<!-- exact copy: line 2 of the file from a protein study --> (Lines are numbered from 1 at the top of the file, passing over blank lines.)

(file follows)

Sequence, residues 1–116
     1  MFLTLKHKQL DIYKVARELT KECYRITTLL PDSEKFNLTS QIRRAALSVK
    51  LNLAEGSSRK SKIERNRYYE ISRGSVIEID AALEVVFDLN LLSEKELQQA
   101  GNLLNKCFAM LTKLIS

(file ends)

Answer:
     1  MFLTLKHKQL DIYKVARELT KECYRITTLL PDSEKFNLTS QIRRAALSVK